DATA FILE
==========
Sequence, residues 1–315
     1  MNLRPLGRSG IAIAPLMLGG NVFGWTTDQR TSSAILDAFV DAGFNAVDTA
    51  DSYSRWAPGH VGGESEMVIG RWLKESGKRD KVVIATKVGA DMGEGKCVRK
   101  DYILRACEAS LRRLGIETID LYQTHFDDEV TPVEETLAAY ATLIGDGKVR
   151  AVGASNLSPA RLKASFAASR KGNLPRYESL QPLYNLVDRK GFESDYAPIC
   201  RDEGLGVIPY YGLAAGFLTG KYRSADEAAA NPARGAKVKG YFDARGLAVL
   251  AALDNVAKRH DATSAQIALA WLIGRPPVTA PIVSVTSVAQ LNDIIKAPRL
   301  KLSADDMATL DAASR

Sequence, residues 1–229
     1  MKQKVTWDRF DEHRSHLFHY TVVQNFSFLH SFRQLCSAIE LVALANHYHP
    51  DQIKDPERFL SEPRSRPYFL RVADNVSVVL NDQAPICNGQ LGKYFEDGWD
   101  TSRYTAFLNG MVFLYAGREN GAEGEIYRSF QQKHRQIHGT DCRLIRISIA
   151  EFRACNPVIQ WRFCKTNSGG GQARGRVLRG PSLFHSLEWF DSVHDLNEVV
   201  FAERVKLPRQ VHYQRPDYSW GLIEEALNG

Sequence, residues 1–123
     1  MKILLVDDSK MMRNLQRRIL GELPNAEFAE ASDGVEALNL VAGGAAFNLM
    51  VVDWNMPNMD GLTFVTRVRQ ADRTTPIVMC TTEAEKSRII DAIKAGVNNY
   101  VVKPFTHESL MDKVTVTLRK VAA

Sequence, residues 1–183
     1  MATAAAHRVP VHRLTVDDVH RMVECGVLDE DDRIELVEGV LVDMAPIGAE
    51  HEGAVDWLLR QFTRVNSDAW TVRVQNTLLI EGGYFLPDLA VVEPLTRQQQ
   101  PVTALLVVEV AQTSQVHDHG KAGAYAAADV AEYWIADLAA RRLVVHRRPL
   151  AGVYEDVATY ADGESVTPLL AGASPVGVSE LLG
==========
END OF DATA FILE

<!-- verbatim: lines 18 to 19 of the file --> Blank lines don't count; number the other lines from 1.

   101  VVKPFTHESL MDKVTVTLRK VAA

Sequence, residues 1–183